Corporal Punishment and Its Effects on a Child’s Behavior
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Historically, corporal punishment has been has been identified as whipping, flogging and branding. Recently, though, spanking children as punishment for misbehavior has become the definition of corporal punishment. Parents use corporal punishment to correct a child’s behavior and to show authority. Traditionally, corporal punishment has been popular among Protestant Christians as a form of correction for their children because of its Biblical roots. Reverend Michael Pearl wrote his book To Train Up a Child based on the Biblical references to corporal punishment. Corporal punishment has become popular because it is an easy and quick form of discipline, and in today’s fast paced society, parents do not want to take time to correct a child’s behavior in a more time consuming way. Although corporal punishment is seen as a useful method by many parents, it has been proven to cause antisocial behavior, impulsive aggression and other behavioral problems and should not be used as a form of punishment. Children who have been physically punished are more aggressive and antisocial than those children who have not been exposed to corporal punishment.
Corporal punishment has been justified for thousands of years by Protestant Christians and their interpretation of the Old Testament. Versus in the book of Proverbs refer to physical punishment by use of a rod or other hitting device. One verse from Proverbs states, a path of life is his who heeds admonition, bet he who disregards reproof goes astray (Proverbs 10:17). This verse is saying that any person who does not use reproof of punishment will stray from the correct path of life. Parents have used versus such as this one to justify physical punishment to their children.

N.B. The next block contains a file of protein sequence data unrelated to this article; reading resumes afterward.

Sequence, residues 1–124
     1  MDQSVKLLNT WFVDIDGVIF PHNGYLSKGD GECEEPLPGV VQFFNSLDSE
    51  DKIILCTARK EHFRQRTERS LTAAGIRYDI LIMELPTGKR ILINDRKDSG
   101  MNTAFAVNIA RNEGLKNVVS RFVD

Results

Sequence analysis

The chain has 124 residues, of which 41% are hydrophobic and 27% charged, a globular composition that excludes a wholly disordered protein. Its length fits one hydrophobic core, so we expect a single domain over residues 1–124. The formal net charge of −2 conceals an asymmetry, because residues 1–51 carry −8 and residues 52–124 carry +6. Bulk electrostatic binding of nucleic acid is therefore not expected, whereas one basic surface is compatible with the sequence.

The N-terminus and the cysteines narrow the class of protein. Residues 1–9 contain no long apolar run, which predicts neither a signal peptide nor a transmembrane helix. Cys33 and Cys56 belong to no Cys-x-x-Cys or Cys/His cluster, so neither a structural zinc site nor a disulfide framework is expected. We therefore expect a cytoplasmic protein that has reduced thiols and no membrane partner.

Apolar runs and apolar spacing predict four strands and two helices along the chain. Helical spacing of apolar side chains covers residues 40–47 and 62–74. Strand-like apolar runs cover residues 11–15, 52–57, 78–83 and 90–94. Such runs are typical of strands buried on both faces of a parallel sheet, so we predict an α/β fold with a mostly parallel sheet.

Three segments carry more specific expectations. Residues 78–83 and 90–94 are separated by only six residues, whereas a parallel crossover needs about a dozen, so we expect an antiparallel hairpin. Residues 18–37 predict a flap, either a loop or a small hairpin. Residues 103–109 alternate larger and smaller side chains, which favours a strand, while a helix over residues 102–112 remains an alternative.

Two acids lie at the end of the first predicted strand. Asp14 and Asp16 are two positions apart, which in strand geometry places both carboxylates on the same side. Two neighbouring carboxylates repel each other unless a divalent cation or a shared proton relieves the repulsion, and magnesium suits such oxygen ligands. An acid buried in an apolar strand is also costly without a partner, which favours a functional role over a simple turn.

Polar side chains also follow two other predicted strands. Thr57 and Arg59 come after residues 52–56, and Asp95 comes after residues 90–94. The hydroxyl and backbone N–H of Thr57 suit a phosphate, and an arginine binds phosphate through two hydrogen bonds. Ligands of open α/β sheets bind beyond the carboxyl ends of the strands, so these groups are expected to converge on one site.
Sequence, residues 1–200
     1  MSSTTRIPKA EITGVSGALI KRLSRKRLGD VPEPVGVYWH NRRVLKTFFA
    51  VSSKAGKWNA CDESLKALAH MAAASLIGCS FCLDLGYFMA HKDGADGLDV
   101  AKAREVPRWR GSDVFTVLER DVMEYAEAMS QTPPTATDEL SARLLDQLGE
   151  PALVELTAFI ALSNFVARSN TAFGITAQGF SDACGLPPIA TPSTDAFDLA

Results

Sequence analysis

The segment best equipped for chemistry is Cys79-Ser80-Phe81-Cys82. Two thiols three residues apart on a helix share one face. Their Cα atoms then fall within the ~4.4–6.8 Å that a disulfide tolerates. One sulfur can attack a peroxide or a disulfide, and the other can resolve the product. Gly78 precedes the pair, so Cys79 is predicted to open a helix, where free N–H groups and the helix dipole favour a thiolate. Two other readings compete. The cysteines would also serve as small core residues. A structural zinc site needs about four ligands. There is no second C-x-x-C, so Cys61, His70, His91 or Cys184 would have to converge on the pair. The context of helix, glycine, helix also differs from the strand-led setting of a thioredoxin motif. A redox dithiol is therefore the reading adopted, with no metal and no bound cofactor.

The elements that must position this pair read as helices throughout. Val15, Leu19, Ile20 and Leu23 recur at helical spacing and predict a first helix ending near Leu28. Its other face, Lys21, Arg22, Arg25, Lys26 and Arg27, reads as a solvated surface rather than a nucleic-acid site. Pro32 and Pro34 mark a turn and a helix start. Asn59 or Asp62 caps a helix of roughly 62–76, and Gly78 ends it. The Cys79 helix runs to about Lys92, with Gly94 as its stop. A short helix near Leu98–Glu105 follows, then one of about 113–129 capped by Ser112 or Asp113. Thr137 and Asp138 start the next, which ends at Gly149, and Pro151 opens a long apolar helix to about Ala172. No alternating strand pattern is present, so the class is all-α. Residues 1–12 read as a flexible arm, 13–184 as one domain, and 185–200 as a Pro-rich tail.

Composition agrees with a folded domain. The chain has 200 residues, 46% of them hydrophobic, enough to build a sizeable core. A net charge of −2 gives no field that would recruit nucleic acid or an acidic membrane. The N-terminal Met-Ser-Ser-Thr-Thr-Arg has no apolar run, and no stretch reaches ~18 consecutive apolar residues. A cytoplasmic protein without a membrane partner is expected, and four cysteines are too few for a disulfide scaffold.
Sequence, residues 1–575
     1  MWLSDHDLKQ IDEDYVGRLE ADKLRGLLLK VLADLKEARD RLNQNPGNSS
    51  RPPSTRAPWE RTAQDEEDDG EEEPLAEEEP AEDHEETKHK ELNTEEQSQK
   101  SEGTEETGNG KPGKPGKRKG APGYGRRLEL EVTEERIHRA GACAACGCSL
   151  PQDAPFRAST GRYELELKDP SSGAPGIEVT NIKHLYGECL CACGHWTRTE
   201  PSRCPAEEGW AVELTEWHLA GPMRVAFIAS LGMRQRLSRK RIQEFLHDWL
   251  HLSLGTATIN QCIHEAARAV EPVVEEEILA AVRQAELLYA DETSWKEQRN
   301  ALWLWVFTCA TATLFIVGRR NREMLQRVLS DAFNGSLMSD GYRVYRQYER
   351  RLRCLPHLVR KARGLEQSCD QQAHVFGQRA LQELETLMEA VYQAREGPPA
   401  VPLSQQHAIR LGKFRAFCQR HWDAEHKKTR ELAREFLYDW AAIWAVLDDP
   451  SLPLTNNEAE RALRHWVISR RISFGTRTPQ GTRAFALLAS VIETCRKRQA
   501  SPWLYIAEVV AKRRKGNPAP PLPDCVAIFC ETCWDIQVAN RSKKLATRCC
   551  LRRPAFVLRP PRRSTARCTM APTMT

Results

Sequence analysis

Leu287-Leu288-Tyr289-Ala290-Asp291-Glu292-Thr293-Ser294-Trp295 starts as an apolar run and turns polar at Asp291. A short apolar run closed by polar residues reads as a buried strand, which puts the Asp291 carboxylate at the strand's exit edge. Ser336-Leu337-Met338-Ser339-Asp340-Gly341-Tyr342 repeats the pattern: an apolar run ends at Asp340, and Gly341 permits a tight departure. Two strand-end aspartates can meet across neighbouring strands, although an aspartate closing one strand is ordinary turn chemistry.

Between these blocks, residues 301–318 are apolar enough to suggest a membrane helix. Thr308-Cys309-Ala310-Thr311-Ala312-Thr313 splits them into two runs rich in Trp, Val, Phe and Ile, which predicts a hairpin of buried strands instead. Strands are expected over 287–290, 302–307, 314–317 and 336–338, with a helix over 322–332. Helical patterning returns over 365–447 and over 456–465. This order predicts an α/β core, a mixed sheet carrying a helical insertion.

Reverend Michael Pearl and his wife co-author a book entitled To Train Up a Child, which justifies the use of corporal punishment based on the biblical references. Several cases of children’s death and serious injury due to corporal punishment have been linked to Pearl’s book. An article written by Bryan Lowder tells the story of a couple from Washington was held accountable for the death of their 13-year-old adopted daughter. She was beaten with a plumbing tool, starved, made to sleep and go to the bathroom outside and was found 30 pounds underweight wrapped in a sheet in the backyard. The couple had read Pearl’s book and used it as a guide to punishing children. Other cases similar to this have been directly linked to Pearl’s evangelical book using biblical roots to justify harsh corporal punishment inflicted on children (Lowder).
In Philip Greven’s book Spare the Child he discusses the true message of the Bible regarding corporal punishment. He argues that in the New Testament, Jesus is loving and nurturing towards children and never advocates the use of physical punishment. He states that parents have used corporal punishment because it is the will of God, and if they did not use corporal punishment they do not love their child and care about his well-being (Greven).